Anyone in the audience when I have given my presentation “Radical Resilience” knows that I believe action is the antidote for anxiety. Sitting and stewing, muttering and watching storm clouds, or pacing back and forth does nothing. When we begin to take control over even the smallest part of our life, we begin to gain a sense of forward momentum.

Consider these five tips — any of which can be started in small steps and increased as time and talent permit.

(1) Pitch out what doesn’t add value. Lean is NOT mean. Start with a file drawer, a computer folder, a closet, and yes — even your contact list. Everything that we hold on to that is obsolete, not useful, out- dated takes up physical and emotional space. To let in the new, we’ve got the clear out the old. You might find — as I did — that cleaning up a database brings “old” client to mind. We had lost touch. I reconnected and have now renewed friendships and/ or a client relationship. You might find great ideas that were not useful then but are very timely now. At the very least—the action of tossing away just lightens the load.

(2) Spend wisely. Think of everything in terms of “what will this do for my customer.” Circuit City fired all their seasoned, knowledgeable employees because they were more expensive than new employees. Too bad. Without trained staff to help customers, Circuit City now was just a store with stuff. Ordinary. Common. And now out of business.

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(3) Follow your values and offer value for what you give. If an action goes against what you value, in the long run the price you pay will be far too high. I am not right for every client. Accepting work for the money rather than for the match will hurt both of us.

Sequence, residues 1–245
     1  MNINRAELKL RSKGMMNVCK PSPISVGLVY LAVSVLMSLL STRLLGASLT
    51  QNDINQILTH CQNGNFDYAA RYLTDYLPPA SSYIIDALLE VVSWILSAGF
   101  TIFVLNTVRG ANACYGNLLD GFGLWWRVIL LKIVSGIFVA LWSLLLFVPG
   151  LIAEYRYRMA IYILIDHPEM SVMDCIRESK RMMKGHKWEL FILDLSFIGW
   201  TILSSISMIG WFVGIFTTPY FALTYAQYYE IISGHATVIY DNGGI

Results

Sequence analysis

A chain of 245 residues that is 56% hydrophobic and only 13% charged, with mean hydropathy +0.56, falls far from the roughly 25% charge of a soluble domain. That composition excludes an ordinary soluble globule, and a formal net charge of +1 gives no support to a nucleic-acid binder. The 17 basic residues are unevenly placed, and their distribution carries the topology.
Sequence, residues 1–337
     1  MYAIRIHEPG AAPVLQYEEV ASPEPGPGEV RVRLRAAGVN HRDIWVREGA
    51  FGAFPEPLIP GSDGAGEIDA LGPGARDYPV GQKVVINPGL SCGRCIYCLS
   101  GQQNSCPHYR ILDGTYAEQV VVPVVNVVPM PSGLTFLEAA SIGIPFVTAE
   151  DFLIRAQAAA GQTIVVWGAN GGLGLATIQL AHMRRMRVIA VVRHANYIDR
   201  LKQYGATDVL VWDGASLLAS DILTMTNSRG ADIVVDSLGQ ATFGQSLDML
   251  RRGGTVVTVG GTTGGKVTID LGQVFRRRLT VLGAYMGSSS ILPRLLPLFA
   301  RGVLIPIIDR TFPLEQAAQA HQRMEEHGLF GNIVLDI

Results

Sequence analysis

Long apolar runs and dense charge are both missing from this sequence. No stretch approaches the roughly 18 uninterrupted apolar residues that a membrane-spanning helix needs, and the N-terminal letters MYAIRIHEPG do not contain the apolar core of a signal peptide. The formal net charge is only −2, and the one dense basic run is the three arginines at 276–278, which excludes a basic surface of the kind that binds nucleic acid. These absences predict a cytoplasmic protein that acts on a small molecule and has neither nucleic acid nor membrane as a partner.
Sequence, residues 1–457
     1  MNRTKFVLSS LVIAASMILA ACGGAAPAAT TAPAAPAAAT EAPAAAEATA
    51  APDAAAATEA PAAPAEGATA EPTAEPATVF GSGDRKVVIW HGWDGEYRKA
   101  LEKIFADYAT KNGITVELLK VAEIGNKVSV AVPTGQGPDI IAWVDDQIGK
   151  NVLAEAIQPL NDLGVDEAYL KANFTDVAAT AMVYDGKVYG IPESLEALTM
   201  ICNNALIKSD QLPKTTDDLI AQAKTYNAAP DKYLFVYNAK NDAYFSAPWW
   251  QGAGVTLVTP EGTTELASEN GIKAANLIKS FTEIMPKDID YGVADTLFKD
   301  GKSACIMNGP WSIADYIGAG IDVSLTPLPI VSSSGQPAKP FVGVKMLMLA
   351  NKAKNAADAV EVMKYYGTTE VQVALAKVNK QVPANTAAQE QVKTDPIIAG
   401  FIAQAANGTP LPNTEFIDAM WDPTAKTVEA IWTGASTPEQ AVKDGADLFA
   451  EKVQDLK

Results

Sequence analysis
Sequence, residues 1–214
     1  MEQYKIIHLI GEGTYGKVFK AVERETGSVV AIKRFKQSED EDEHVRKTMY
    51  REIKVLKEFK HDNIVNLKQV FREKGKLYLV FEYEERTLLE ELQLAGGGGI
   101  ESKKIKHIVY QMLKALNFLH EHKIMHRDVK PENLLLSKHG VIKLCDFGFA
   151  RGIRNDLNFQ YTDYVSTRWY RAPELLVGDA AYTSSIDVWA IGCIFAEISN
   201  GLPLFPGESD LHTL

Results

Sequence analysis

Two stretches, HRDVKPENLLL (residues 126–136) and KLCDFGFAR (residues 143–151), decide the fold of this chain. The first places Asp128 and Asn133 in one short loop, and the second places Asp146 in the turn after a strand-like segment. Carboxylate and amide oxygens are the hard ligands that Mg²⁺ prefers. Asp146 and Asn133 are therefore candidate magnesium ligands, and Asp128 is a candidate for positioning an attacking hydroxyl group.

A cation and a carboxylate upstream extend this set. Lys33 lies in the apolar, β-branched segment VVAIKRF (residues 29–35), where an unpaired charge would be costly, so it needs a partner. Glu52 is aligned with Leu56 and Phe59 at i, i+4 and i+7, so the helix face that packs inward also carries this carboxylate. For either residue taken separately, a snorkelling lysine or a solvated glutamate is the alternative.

(4) Talk to your team and your customers. Better still: LISTEN. This is not the same as e-mail. Pick up the phone. Better still, meet face-to-face. Rally troops real time. We don’t feel the human support from a screen or a text message. Ideas can come from anywhere and anyone.

(5) Sullyize your workers. OK—I made up this word but perhaps it will catch on. Chesley “Sully” Sullenberger was a masterful pilot who trained, and trained, and trained again. You don’t make that kind of landing in a two-minute timeframe without having practiced, and trained. Yet — what do too many organizations do in these times? Cut training!! If you want employees to handle crises, you’ve got to train rigorously. Think customer service skills, leadership skills, clear communication skills. Responses can be second nature if training is diligent.

About Eileen McDargh

Since founding McDargh Communications & The Resiliency Group Eileen McDargh has helped organizations and individuals transform the life of their business and the business of their life through conversations that matter and connections that count.

Her programs are content rich, interactive, provocative and playful—even downright hilarious. She draws upon practical business know-how, life's experiences and years of consulting to major national and international organizations that have ranged from global pharmaceuticals to the US Armed Forces, from health care associations to religious institutions. She is the author of six books, including Gifts from the Mountain: Simple Truths for Life's Complexities ,a Benjamin Franklin Gold Award winner. A training film based on this book was awarded the Silver Telly, the highest award for commercial productions. Her latest book was written to help everyone who is stretched too thin by competing demands My Get Up & Go Got Up & Went. As a business author and commentator, she’s appeared on network news, on radio programs and in business journals and in major metropolitan newspapers .

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